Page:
North Canton City Schools hosted a Futures Conference on Nov. 17 in the Hoover High School commons area. There were many teachers and staff members who attended, along with many people from the community.

Superintendent Jeff Wendorf said the purpose of the community meeting was to kick off a five-month process to plan for the future of the district.

"This first meeting is to get everyone together and to get you thinking outside of the box when it comes to what the student of the future looks like; what the careers of the future may be; and what the school of the future might be like," Wendorf said. "We will follow this meeting with a Community Dialogue meeting on Dec. 14 to discuss school size, grade configuration, program offerings and alternative facility uses. A steering committee will review the information from that meeting and develop options for moving forward."

A third meeting is scheduled for Feb. 21, where the steering committee will present its findings from the first two meetings. The steering committee will gather more feedback and present its recommendations to the Board of Education in March.

People attending the Futures Conference were seated at large, round tables and given markers and paper to define what the people at the table thought about three areas: Qualities students will need in 2040; the careers of 2040; and what schools will look like in 2040.

Before starting on the group discussions, Scott Leopold, an educational consultant from Dejong Richter, showed three videos detailing what Millennials are thinking; developing a growth mindset in classrooms; and about the skilled trades classes making a strong coming back.

"Right now, the United States has an older population than other countries which means students in America are going to have to compete globally in the work world," Leopold said. "Our schools have to implement 21st Century learning in 21st Century styled classrooms. Learning will have to be outcome based with research driven curriculum and participatory and collaborative learning. Teachers will become facilitators."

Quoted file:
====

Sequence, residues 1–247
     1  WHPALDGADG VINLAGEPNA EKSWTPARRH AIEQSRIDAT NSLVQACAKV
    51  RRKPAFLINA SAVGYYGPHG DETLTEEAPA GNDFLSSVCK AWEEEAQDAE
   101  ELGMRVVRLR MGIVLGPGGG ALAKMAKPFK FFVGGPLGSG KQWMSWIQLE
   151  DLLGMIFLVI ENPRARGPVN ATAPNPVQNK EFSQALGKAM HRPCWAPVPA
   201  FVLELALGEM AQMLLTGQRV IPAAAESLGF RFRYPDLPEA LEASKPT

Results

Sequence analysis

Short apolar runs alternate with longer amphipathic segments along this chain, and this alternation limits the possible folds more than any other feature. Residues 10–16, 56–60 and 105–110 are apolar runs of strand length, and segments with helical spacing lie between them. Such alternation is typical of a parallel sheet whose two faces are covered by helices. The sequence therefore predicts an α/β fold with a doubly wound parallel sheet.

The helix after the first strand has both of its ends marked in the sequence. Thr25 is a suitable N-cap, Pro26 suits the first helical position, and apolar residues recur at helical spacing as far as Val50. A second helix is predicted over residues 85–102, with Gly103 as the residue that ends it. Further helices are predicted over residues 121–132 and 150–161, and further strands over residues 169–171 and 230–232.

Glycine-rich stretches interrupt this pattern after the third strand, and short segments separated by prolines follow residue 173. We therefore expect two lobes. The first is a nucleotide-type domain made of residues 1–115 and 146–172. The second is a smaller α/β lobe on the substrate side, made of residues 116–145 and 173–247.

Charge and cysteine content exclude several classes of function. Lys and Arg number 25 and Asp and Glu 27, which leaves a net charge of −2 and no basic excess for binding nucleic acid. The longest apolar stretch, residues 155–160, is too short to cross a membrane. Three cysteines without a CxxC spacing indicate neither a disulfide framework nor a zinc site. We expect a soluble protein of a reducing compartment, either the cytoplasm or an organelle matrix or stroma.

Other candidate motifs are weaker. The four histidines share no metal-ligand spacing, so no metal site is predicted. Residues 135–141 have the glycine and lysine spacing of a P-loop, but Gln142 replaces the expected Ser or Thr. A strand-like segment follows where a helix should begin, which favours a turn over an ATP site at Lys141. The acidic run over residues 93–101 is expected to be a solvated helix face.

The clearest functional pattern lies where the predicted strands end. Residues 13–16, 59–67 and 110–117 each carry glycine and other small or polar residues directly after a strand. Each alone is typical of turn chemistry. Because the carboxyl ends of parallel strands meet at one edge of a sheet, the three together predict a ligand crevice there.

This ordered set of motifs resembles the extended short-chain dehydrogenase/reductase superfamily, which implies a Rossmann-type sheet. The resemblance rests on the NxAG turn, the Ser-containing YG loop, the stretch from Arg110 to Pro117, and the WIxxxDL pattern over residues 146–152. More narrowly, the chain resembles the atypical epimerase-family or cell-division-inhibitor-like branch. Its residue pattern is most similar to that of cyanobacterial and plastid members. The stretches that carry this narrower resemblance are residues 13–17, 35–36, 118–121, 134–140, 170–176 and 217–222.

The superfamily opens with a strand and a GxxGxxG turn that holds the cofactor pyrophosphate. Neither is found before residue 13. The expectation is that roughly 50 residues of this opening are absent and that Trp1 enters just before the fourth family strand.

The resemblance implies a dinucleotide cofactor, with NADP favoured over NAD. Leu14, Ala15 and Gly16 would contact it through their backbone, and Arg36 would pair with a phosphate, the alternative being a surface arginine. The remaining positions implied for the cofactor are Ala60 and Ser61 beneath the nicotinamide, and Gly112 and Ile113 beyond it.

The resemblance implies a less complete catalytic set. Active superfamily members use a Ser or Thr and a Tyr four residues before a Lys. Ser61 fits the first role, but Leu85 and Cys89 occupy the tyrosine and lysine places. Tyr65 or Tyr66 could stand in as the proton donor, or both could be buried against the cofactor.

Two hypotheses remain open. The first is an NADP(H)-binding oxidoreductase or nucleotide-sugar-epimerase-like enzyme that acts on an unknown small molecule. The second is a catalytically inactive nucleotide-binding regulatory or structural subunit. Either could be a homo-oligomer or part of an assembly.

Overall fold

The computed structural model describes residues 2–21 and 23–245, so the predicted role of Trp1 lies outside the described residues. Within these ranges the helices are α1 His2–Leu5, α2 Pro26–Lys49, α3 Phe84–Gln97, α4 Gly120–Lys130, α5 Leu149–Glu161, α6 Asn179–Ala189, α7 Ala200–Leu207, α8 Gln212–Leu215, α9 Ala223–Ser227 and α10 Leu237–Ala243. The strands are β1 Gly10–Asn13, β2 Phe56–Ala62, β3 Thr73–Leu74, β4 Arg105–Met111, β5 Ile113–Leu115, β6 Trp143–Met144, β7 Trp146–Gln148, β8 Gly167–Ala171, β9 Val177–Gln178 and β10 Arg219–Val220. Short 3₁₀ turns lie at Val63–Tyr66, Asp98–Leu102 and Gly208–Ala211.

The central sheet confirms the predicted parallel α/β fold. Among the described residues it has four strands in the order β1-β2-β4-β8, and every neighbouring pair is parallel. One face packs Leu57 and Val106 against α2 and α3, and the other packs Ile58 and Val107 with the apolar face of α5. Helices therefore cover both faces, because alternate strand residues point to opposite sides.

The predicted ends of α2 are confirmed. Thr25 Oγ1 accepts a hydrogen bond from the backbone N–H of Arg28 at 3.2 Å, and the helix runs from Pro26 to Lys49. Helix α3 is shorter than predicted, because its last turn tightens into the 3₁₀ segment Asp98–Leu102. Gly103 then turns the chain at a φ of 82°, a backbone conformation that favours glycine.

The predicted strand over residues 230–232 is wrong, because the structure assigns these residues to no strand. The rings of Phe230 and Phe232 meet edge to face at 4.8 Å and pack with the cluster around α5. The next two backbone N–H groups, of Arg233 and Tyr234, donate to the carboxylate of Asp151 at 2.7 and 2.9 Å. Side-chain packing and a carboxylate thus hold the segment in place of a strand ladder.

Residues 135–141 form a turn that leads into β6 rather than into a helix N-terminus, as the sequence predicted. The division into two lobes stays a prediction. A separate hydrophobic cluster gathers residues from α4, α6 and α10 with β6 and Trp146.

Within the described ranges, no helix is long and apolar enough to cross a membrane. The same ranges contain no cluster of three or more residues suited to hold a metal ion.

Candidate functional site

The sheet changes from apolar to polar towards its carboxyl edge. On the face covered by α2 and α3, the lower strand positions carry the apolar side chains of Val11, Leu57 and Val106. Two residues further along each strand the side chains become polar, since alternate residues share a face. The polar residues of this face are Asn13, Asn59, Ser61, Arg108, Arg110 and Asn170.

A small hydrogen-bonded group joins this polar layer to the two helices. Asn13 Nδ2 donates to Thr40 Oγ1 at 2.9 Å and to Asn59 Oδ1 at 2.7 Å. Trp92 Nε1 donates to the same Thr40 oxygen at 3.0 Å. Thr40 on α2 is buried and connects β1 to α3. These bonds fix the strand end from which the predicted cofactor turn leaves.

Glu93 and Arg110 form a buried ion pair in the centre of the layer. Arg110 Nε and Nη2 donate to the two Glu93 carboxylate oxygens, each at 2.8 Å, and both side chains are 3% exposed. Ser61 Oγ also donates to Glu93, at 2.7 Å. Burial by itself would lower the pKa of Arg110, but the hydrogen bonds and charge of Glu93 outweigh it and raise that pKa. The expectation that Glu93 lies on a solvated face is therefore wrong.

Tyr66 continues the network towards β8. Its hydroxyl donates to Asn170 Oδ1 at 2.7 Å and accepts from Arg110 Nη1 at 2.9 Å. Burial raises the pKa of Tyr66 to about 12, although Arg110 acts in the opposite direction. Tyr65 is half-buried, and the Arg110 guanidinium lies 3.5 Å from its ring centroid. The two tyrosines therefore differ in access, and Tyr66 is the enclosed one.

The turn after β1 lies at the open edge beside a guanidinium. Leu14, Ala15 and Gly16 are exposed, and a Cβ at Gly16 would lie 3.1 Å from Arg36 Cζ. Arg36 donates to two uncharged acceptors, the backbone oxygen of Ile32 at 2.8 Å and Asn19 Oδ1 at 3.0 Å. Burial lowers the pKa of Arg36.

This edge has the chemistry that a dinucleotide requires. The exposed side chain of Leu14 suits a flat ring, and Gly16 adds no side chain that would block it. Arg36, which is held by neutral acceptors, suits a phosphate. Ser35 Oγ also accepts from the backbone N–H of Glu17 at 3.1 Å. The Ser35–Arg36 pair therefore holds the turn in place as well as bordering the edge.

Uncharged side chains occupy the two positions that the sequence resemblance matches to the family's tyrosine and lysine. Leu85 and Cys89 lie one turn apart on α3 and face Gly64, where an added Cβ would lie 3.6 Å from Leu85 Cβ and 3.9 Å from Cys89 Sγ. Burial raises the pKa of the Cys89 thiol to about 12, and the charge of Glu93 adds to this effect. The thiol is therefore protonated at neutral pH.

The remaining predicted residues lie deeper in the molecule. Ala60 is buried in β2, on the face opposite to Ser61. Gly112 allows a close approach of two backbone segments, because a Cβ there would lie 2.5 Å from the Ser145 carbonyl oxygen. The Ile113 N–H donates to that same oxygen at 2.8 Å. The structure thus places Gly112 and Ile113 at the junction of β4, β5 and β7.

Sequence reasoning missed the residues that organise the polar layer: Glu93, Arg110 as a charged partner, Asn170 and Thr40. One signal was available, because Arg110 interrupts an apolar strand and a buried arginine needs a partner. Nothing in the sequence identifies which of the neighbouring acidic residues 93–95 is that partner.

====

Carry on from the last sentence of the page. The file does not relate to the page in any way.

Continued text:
Leopold said the Ohio School Facilities Commission has already assessed the district's facilities and Sol/Day Harris Architects are validating the assessment. He said the next step is develop a Master Plan for the district that will span the next 40 to 50 years.

"That Master Plan could include recommendations for new construction, remodeling facilities or updating technology," Leopold said. "Right now, the district’s enrollment is at around 4,000, which is a decline from the 5,000 it has been in the past."

Carolina Silva was working in one of the groups. She said the group was listing what learning may be like in 2040.

"We think the main difference in 2040 will be the high use of technology which will create a faster turnaround when it comes to learning," she said.

Mark Cerreta was working with four other people at his table. The group agreed on a number of thoughts about learning in the future.

"We’ve agreed that there probably won’t be brick and mortar schools anymore," Cerreta said. "There may not be grades given, instead students will learn based on their individual strengths and weaknesses and learning will be constant. For example, someone creative will learn differently than someone whose talents are focused more on processes."

Residents can review the information presented at the Nov. 17 meeting on the district’s website at The slide show presentation will be available as well as results generated by the meeting.